1. Opinion

Editorial: Trump's dangerous, divisive campaign

Florida voters go to the polls today as American politics has taken its ugliest turn in more than a generation. While opinion polls show Trump ahead, Republicans who have not yet voted can send a message that this is not what their political party stands for.
Published Mar. 14, 2016

Florida voters go to the polls today as American politics has taken its ugliest turn in more than a generation. Donald Trump's campaign of fear and hate has predictably produced dangerous rallies with violent confrontations and standoffs between supporters and protesters. While opinion polls show Trump ahead here, Republicans who have not yet voted can send a message that this is not what their political party stands for or the change they are seeking in Washington.

Trump's rally on Monday afternoon in Tampa came off relatively smoothly, perhaps because his campaign chose a smaller space at the Tampa Convention Center and security was increased. There were verbal confrontations outside between protesters and Trump supporters, and the removal of several protesters inside produced chants of "U.S.A.!" Trump acknowledges his supporters are angry, but he takes no responsibility for exploiting their frustrations about the economy, immigration and other issues.

The charged atmosphere at too many Trump events has played out online and on television. An older white man was arrested after punching a younger black protester at a North Carolina rally, and Trump responded by suggesting he would pay the attacker's legal fees. His campaign manager has been accused of assaulting a journalist trying to question his boss at a rally. Trump canceled a large Chicago rally Friday that drew large numbers of protesters, citing security concerns although police said they played no role in that decision. Many of those protesters were college students, who were not thugs or professional protesters or coordinated by the Bernie Sanders campaign as Trump and his supporters claimed.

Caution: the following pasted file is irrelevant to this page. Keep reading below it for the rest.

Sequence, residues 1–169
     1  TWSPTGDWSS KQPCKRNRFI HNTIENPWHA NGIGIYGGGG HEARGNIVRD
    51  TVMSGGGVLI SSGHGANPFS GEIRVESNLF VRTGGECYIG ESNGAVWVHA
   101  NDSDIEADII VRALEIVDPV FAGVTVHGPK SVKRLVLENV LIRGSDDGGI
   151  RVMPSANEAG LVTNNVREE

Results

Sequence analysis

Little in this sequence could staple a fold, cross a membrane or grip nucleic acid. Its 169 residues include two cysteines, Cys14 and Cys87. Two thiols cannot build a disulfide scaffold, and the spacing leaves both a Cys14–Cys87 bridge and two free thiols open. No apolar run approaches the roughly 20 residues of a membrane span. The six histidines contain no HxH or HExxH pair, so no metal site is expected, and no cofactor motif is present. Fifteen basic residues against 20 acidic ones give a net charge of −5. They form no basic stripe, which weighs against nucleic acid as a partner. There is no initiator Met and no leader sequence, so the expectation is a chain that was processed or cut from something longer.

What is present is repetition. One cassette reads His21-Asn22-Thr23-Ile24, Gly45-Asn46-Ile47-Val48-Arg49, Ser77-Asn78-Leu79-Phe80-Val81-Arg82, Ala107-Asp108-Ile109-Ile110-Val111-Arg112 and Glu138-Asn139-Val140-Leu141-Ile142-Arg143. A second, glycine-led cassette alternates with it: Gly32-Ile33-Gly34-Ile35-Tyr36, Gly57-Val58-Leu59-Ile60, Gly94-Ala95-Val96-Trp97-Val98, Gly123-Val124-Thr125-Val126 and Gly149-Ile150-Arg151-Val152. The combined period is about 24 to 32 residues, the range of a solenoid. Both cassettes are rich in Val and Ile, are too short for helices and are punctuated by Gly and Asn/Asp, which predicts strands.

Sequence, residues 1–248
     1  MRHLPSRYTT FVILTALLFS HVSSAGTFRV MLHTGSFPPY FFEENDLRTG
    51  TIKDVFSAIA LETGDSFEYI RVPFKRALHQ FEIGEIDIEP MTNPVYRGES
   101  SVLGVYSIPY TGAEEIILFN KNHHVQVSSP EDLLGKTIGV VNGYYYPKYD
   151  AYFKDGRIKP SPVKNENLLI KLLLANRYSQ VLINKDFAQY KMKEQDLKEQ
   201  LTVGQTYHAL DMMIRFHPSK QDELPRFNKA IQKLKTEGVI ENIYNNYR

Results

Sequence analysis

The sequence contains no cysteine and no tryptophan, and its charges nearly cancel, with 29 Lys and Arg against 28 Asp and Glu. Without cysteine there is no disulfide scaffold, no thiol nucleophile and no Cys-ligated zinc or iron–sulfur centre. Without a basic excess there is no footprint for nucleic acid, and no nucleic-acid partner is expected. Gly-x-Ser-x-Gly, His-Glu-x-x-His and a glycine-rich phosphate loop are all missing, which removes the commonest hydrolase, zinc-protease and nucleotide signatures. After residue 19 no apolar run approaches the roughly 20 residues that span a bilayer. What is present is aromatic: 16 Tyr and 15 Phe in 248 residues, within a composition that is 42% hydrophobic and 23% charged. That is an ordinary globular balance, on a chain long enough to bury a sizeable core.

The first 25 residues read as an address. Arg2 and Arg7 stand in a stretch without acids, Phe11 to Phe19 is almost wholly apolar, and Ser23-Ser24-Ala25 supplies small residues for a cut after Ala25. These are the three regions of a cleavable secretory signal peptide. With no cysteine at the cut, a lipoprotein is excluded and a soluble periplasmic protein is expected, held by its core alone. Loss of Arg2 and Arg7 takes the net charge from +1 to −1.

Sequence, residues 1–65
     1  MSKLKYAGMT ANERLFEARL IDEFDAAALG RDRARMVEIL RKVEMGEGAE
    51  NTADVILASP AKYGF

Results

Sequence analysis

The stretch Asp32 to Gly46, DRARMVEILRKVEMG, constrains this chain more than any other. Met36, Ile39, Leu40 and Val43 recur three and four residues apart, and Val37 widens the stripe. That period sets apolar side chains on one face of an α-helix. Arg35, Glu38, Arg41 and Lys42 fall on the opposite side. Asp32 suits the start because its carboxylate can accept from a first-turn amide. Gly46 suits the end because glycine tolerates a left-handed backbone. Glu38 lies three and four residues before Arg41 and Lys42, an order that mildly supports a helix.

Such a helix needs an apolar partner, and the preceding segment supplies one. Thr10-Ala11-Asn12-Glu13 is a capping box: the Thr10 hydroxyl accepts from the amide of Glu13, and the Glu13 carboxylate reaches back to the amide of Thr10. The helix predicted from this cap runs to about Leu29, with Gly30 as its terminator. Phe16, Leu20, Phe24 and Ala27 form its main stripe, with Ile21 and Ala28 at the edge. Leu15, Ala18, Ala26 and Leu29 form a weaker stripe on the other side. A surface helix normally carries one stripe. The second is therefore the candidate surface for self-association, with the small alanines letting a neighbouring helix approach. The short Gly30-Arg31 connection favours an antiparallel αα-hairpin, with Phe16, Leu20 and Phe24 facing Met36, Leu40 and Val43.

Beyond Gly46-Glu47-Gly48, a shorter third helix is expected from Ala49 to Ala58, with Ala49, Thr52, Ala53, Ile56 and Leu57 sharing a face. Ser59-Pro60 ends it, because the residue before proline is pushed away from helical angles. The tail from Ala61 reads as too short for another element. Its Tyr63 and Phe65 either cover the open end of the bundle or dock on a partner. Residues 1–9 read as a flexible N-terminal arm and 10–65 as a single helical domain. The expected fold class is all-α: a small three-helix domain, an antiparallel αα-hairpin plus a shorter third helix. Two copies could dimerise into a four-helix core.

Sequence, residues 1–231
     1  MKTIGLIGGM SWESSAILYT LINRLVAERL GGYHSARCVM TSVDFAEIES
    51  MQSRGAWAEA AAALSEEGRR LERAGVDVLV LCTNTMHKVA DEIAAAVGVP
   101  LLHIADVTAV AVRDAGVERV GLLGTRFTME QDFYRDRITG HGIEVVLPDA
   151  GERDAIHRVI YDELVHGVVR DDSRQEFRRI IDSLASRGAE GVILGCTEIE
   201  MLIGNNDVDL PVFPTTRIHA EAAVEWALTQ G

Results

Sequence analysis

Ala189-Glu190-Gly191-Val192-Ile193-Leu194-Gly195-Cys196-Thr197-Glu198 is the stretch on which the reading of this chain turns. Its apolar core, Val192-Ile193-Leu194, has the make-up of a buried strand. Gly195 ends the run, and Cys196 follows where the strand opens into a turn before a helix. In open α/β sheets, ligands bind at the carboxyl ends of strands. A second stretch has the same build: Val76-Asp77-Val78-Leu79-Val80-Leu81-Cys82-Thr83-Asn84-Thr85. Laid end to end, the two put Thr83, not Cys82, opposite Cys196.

Trump and his supporters have every right to meet and build enthusiasm for his campaign — just as Trump again called Common Core and the Affordable Care Act "a disaster'' on Monday without offering any plan to replace them. He can recite his farcical pledge to build a wall along the border and have his supporters shout "Mexico!" when he asks who will pay for it. He can make fun of "Little Marco" Rubio and the Florida senator's robotic debate responses. But his efforts to ridicule protesters and suggest they should be roughly handled incites violence and inflames the us-versus-them narrative that forms the foundation of his campaign.

Against that backdrop, it is discouraging that Attorney General Pam Bondi endorsed Trump on Monday. The state's top legal officer — the first woman to be elected attorney general in Florida — now supports a presidential candidate who has insulted women, Hispanics, blacks and the disabled. Perhaps it was predictable, given that Bondi declined to join New York's investigation of Trump University after Trump's foundation in 2013 contributed $25,000 to a political fundraising committee backing Bondi's re-election. She has once again diminished the public office she holds and stained her own reputation in pursuit of the spotlight.

More than 2 million Floridians already have voted, and more than half of them are Republicans. The field has narrowed in ways that no one would have predicted even a few months ago. Former Gov. Jeb Bush has dropped out. Rubio badly trails Trump, and his campaign is on life support. The best hope of slowing the demagogue who has fractured the Republican Party appears not to be Florida but Ohio, where Gov. John Kasich and Trump are locked in a tight contest.

Florida Democrats and Republicans who have yet to vote still should go to the polls today. For the Democrats, Hillary Clinton could use a decisive win over Sanders. And Republicans should send a message that Trump's campaign needs a significant course correction to stop pitting Americans against each other.


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